Benjamin M Lovaasen

University of Chicago, Chicago, IL, United States

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Publications (3)11.6 Total impact

  • Davis B. Moravec, Benjamin M. Lovaasen, Michael D. Hopkins
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    ABSTRACT: Picosecond transient-absorption spectra are reported for the S1 excited state of zinc tetraphenylporphyrin (ZnTPP) and related compounds in the near-infrared region (λ ≤ 1400 nm). The spectra exhibit a prominent absorption band (ɛ ≌ 4400 M−1 cm−1 for ZnTPP) between 1200 and 1300 nm whose position is sensitive to solvent (toluene and THF), zinc coordination number (ZnTPP(py-4-CCPh)), the metal center (GaTPP(Cl)), and the positions of the porphyrin substituents (zinc octaethylporphyrin, ZnOEP). The transient-absorption profile between 850 and 1200 nm is also sensitive to these variations. The near-infrared bands for the TPP compounds are assigned to transitions from the S1 state to gerade-symmetry dark states based on their correspondence to relative energies predicted by previously reported time-dependent density functional theory calculations and their constant energy gap relative to the S2 state. The characteristics of the prominent near-infrared transient-absorption band make it well suited for selectively probing photophysical and photoredox processes of the S1 state because it does not overlap with absorption bands of the T1 excited state or of [ZnTPP]+ or [ZnTPP]−, in contrast to the features in the typically probed visible-wavelength region.
    Journal of Photochemistry and Photobiology A Chemistry 02/2013; 254:20–24. · 2.42 Impact Factor
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    ABSTRACT: The molecular structure of the tungsten-benzylidyne complex trans-W(≡CPh)(dppe)(2)Cl (1; dppe = 1,2-bis(diphenylphosphino)ethane) in the singlet (d(xy))(2) ground state and luminescent triplet (d(xy))(1)(π*(WCPh))(1) excited state (1*) has been studied using X-ray transient absorption spectroscopy, X-ray crystallography, and density functional theory (DFT) calculations. Molecular-orbital considerations suggest that the W-C and W-P bond lengths should increase in the excited state because of the reduction of the formal W-C bond order and decrease in W→P π-backbonding, respectively, between 1 and 1*. This latter conclusion is supported by comparisons among the W-P bond lengths obtained from the X-ray crystal structures of 1, (d(xy))(1)-configured 1(+), and (d(xy))(2) [W(CPh)(dppe)(2)(NCMe)](+) (2(+)). X-ray transient absorption spectroscopic measurements of the excited-state structure of 1* reveal that the W-C bond length is the same (within experimental error) as that determined by X-ray crystallography for the ground state 1, while the average W-P/W-Cl distance increases by 0.04 Å in the excited state. The small excited-state elongation of the W-C bond relative to the M-E distortions found for M(≡E)L(n) (E = O, N) compounds with analogous (d(xy))(1)(π*(ME))(1) excited states is due to the π conjugation within the WCPh unit, which lessens the local W-C π-antibonding character of the π*(WCPh) lowest unoccupied molecular orbital (LUMO). These conclusions are supported by DFT calculations on 1 and 1*. The similar core bond distances of 1, 1(+), and 1* indicates that the inner-sphere reorganization energy associated with ground- and excited-state electron-transfer reactions is small.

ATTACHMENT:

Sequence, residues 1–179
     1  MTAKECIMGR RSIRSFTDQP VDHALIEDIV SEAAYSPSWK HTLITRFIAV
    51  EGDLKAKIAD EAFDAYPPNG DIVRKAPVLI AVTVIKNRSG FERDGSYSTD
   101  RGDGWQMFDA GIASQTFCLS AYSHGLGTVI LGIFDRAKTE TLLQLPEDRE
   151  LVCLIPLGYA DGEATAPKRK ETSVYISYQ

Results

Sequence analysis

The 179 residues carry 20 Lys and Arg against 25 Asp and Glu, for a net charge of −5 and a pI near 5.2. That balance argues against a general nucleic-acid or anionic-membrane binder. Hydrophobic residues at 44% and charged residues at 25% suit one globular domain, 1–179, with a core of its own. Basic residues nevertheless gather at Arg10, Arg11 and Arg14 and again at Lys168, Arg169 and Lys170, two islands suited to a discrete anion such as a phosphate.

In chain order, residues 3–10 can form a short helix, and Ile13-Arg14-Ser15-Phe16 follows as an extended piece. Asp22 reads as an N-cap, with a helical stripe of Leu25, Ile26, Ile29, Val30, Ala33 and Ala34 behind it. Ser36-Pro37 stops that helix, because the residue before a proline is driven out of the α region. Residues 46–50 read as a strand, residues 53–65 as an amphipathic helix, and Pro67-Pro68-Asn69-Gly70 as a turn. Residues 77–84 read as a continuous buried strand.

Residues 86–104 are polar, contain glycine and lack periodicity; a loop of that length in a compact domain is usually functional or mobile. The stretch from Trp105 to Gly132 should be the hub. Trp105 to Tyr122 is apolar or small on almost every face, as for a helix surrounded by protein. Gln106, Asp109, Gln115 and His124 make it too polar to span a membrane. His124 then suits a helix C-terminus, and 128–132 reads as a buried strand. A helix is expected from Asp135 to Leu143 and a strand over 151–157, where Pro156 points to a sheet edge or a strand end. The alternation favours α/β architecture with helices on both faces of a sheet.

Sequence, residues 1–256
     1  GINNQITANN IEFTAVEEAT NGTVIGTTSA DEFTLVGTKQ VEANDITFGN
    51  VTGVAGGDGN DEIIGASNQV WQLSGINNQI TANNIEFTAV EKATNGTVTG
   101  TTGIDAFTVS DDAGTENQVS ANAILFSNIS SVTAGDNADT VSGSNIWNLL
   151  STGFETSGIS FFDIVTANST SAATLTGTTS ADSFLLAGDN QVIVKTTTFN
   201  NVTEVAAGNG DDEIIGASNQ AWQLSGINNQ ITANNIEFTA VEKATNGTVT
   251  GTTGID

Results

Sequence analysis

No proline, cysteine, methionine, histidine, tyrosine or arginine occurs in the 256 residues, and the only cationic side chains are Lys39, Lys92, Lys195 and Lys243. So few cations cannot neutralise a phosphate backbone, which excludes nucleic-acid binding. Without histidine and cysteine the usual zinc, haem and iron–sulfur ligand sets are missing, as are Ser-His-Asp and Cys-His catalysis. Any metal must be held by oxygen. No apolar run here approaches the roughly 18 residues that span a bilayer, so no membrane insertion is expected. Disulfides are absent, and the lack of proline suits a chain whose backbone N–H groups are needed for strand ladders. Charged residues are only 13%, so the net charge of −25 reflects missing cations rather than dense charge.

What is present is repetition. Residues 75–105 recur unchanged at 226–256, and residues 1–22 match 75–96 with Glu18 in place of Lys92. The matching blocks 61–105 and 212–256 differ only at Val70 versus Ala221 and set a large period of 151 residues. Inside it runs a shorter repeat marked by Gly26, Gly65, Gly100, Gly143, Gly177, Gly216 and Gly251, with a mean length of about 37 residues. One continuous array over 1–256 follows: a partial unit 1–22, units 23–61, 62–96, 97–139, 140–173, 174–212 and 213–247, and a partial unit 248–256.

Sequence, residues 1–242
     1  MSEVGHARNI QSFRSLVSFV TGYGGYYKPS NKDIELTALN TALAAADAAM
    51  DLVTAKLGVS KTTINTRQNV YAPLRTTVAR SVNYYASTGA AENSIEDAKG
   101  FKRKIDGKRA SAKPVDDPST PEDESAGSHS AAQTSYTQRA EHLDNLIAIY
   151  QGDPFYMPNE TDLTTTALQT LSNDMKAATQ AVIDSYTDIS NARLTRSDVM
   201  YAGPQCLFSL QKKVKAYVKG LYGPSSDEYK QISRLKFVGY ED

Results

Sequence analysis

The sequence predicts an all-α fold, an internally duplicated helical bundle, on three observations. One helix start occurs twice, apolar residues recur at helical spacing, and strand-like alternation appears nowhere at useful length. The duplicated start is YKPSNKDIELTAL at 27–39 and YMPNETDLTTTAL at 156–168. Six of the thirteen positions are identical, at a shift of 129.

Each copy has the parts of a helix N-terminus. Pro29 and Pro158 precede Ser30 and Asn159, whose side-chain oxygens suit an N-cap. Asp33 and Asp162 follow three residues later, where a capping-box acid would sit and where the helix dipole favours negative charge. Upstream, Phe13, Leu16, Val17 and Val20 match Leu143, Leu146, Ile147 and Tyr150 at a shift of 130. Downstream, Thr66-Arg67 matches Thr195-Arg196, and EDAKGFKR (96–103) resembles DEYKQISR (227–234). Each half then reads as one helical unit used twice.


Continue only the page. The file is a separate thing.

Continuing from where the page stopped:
Inorganic Chemistry 02/2012; 51(10):5660-70. · 4.59 Impact Factor
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    ABSTRACT: The new zinc porphyrin/tungsten alkylidyne dyad Zn(TPP)-C[triple bond]CC(6)H(4)C[triple bond]W(dppe)(2)Cl (1) possesses novel photophysical properties that arise from a tunable excited-state triplet-triplet equilibrium between the porphyrin and tungsten alkylidyne units. Dyad 1 exhibits (3)(d(xy) <-- pi*(WCR)) phosphorescence with a lifetime that is 20 times longer than that of the parent chromophore W(CC(6)H(4)CCPh)(dppe)(2)Cl (2). The triplet-triplet equilibrium can be tuned by the addition of ligands to the Zn center, resulting in phosphorescence lifetimes for 1(L) that are up to 1300 times longer than that of 2. The "lifetime reservoir" effect exhibited by 1(L) is approximately 1 order of magnitude larger than previously reported examples of the phenomenon.
    Inorganic Chemistry 07/2010; 49(13):5777-9. · 4.59 Impact Factor